FOI Friday: Unidentified bodies, chugging, bedroom tax costs and ambulance delays

How many unidentified bodies have been discovered by police? < Liverpool Echo

THE ECHO today explores the riddle of 11 mystery bodies that lay open on Merseyside Police’s files.

The unidentified bodies and body parts – dating back to 1972 – include a decomposed foot found in a trainer which washed up on Hightown beach ten years ago.

Despite DNA tests and public appeals, investigations to trace the families of those who died have proven fruitless.

Their details lie on Merseyside Police’s records with little realistic chance of ever being solved.

Four front pages generated by one FOI request from Trinity Mirror’s data unit

Which streets are most active for chugging? < Cambridge News

A bid to curtail swarms of persistent ‘chuggers’ who stop people in the street for charities is being upped out by Cambridge authorities.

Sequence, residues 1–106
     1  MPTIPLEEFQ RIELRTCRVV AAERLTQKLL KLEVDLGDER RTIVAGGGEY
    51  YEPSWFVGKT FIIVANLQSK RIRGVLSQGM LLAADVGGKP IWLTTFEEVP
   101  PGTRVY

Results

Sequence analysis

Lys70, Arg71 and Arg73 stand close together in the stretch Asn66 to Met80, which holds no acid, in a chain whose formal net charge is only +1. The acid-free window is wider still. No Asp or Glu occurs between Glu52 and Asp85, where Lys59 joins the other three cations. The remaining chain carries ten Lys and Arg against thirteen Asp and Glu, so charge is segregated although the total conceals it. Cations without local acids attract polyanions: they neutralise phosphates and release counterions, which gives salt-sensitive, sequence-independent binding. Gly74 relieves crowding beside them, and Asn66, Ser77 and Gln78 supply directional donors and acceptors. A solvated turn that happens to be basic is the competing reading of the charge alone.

Calls have been made to crackdown on the ‘swarming’ charity collectors who target shoppers in the city centre.

Currently the council only permits direct debit collections on Tuesdays and Thursdays in specific areas of the city.

A spokeswoman said the council was in the process of finalising an agreement with the PFRA on further measures.

The street most used by ‘chuggers’ are Sidney Street and Petty Cury in the city centre as well as Fitzroy Street and Burleigh Street near the Grafton shopping centre, according to data released using freedom of information laws.

When are fire brigades charging for call outs? < BBC West Midlands

West Midlands Fire Service charged for just 106 out of 3,656 non-emergency callouts since charges were introduced, a BBC Freedom of Information request has revealed.